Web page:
The first installment of this tutorial series introduced you to some ways in which you can implement WPA-Enterprise on your SOHO network. The second part covered the basics of setting up your own 802.1x RADIUS server. This third installment will continue by walking you through installing and configuring the Elektron RADIUS server. We’ve chosen this server software due to its relatively low cost ($750) and its user-friendly interface that’s quite easy to understand. The cost of other enterprise servers can be in the thousands of dollars and require a great deal of expertise, so this affordable, easy-to-use option is an excellent choice for small business owners working with a limited IT budget.
Downloading the Elektron RADIUS server
The first step is to visit the Periodik Labs Web site and download the software. You can take advantage of the 30-day fully functional trial before you have to purchase and enter a valid serial number. This gives you time to figure out if you really want to invest the money for the server, or if you want to compare with other servers or services.
Installing Elektron and configuring the digital certificate
After the main installation of Elektron, another wizard will open to help you perform the digital certificate configuration of the server. When you get to the digital certificate setup step, you’ll probably want to create a new certificate hierarchy if you haven’t already purchased a digital certificate. For the server name, you can really just make something up; for example you can enter WPA.yourdomainname.com or even just your name if you don’t have a Web site. The sever name, location, and other identification information you enter is used to create the certificate and will be visible when viewing the digital certificate file later.
Creating a self-signed certificate using the wizard is fine for most small business and home deployments. For maximum security and ease when configuring your computers, however, you can consider purchasing a certificate designed for WLAN authentication and signed by a trusted authority, such as Verisign. Then you would import the certificate file into the Elektron program. If you go this route, then instead of manually installing the self-signed certificate file (you created using the wizard) on all your wireless computers, your computers can validate the server’s identity using a trusted certificate authority (CA) that’s already preloaded in Windows.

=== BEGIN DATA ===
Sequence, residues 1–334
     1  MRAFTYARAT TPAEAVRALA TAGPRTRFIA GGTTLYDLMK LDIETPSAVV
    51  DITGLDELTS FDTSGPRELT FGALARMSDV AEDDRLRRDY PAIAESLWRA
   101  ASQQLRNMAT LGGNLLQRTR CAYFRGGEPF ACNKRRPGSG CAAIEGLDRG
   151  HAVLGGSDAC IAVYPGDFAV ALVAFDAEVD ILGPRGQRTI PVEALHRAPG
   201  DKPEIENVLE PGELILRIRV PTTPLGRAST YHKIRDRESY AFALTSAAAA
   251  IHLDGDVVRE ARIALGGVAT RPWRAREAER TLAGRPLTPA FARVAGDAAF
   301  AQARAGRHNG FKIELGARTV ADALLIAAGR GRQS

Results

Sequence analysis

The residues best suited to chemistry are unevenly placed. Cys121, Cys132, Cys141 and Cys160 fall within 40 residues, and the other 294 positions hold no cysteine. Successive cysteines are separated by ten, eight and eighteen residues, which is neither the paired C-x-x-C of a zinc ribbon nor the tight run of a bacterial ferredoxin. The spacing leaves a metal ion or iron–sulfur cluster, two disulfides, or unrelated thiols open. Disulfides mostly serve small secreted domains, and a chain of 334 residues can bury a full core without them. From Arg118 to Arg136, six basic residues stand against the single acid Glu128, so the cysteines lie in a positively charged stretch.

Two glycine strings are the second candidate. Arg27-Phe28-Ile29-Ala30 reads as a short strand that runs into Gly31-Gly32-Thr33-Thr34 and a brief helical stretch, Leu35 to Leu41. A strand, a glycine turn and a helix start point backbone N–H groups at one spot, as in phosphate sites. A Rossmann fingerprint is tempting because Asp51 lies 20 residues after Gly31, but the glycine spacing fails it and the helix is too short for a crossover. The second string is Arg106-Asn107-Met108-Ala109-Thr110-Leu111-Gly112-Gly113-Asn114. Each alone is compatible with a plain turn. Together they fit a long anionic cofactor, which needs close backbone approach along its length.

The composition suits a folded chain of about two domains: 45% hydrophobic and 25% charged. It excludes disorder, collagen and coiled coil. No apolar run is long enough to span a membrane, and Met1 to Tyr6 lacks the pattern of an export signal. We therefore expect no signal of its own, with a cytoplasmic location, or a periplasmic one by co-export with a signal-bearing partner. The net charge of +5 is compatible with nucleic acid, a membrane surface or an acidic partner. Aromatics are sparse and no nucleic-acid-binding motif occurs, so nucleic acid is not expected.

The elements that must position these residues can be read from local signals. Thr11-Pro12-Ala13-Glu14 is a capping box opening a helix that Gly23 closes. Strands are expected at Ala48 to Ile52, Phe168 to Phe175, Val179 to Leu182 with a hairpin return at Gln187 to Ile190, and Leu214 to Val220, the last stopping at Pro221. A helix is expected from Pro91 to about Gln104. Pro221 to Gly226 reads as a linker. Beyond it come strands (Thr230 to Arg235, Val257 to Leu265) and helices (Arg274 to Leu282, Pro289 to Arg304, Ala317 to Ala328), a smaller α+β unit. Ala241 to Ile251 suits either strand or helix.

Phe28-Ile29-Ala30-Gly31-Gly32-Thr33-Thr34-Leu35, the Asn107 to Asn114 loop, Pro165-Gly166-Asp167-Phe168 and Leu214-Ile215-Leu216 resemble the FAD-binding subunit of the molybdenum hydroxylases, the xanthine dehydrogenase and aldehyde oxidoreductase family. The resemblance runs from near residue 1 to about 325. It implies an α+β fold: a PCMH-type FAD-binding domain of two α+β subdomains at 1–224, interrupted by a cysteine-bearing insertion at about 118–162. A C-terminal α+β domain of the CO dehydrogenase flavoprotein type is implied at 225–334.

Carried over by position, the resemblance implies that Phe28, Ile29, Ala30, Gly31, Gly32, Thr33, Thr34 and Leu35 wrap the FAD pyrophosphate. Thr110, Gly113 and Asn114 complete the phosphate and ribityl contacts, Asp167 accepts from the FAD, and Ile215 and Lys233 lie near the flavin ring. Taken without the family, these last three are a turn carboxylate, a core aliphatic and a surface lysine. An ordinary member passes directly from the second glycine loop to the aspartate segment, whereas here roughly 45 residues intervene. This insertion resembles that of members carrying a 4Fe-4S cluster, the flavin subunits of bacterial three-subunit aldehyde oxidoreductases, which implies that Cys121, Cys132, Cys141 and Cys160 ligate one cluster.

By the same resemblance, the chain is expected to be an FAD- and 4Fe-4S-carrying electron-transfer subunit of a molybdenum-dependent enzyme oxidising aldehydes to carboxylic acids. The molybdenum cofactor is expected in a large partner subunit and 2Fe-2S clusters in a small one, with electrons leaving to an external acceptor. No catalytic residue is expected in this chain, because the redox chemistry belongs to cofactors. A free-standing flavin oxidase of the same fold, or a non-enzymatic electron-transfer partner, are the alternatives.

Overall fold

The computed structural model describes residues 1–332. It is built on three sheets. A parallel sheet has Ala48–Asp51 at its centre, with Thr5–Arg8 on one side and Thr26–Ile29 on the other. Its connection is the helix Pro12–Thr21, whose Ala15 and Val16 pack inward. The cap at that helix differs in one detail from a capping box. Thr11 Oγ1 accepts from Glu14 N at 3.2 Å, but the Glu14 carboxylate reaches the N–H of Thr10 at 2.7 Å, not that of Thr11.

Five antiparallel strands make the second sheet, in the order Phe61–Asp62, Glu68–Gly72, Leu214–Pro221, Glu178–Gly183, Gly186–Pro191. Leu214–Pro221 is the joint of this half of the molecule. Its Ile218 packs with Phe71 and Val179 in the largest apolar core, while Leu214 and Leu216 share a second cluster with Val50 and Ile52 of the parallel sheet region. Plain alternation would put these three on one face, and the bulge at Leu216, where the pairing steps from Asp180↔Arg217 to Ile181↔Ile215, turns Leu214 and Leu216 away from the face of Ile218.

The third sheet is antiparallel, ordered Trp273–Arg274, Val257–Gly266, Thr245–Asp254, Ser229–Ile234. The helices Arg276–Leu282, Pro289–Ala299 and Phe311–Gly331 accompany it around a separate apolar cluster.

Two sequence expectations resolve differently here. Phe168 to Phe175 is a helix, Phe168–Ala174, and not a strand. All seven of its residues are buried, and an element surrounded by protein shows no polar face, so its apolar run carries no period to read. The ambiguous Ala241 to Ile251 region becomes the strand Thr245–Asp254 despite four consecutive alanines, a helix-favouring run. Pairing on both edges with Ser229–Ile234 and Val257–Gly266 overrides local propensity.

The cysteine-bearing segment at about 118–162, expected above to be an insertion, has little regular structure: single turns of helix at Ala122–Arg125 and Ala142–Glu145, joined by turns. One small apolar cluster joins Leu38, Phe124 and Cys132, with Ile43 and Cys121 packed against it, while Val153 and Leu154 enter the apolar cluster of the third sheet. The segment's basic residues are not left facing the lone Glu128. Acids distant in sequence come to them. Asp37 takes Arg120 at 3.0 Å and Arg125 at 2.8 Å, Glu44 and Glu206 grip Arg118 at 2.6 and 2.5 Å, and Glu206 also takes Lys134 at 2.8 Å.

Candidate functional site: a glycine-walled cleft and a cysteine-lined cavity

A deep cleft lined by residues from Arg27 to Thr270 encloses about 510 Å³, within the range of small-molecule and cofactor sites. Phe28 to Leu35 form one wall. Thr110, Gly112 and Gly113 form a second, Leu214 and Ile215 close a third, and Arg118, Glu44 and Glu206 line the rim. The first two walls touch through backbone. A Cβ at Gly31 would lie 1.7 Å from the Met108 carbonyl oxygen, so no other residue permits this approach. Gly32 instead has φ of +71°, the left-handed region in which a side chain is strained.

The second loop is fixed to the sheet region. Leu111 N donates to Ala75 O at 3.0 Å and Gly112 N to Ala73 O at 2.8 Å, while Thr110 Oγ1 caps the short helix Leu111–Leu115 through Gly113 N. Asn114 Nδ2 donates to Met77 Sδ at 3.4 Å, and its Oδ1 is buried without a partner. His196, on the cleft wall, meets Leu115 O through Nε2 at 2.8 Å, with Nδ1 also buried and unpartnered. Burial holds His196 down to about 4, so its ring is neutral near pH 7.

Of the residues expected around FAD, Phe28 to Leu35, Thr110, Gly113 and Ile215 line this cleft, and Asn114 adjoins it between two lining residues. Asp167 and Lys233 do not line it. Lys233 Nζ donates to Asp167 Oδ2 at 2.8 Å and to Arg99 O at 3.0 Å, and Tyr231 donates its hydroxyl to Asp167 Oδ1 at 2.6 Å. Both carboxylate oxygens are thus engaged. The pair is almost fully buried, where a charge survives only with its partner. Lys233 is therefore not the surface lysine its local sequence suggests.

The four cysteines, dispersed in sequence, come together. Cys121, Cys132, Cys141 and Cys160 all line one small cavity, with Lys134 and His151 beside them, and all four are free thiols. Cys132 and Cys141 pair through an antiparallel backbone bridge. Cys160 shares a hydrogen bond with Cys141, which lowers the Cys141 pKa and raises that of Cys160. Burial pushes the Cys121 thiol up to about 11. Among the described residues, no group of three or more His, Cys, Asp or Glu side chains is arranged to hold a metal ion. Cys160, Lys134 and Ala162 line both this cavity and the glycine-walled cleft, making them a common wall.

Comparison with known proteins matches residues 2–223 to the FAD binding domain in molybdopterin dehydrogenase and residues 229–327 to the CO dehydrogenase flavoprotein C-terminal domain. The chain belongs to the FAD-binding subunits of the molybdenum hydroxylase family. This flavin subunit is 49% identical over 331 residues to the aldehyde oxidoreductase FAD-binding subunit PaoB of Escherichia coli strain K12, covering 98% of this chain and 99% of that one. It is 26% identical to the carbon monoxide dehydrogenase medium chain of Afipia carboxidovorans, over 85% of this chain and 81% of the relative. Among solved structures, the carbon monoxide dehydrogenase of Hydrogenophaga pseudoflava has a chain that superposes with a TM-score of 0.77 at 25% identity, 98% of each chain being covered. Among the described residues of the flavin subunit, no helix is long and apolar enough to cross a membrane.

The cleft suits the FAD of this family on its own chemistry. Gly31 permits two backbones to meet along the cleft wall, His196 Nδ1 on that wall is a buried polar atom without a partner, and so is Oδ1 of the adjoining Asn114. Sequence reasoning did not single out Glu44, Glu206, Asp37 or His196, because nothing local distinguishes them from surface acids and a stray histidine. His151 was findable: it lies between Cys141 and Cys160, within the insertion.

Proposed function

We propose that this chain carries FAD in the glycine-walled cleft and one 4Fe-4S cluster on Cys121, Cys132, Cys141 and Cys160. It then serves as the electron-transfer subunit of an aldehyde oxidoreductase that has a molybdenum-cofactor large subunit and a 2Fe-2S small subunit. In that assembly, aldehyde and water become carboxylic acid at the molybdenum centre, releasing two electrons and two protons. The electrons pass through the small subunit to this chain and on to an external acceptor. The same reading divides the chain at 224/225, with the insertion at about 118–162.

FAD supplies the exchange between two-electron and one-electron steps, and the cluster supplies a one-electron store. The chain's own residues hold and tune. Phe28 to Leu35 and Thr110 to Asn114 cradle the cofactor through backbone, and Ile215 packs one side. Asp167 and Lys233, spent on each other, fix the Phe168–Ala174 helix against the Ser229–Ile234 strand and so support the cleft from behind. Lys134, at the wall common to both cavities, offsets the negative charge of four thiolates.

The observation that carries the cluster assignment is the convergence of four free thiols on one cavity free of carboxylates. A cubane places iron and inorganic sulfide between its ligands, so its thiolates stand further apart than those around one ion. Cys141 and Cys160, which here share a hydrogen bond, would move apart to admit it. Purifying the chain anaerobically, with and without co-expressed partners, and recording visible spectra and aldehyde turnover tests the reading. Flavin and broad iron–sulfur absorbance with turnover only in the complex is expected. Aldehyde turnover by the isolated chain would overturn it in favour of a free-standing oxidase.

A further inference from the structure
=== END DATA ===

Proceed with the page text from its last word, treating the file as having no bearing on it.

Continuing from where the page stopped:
Now you can access the server administration program, named Elektron Settings (below), from the new Elektron Start menu entry.
Setting up an authentication domain
You need to tell the server in which database to look up the account credentials when clients try to connect/authenticate to your wireless network. On the Elektron Settings program, under the Authentication section on the left menu, select the Authentication Domains entry. Then double-click the Default Authentication Domain entry. You’ll see a dialog box, such as the one pictured below where you can select the database where you have your account list stored.
If you don’t already have an account database, you can opt to authenticate using Elektron Accounts. Then you can add users to the built-in database, as discussed in the next section. If you have a larger and more complex network, you can set up multiple Authentication Domains. For example, clients belonging to Domain A are authenticated against the Active Directory and Domain B clients against the Elektron Accounts—or whatever suits your needs.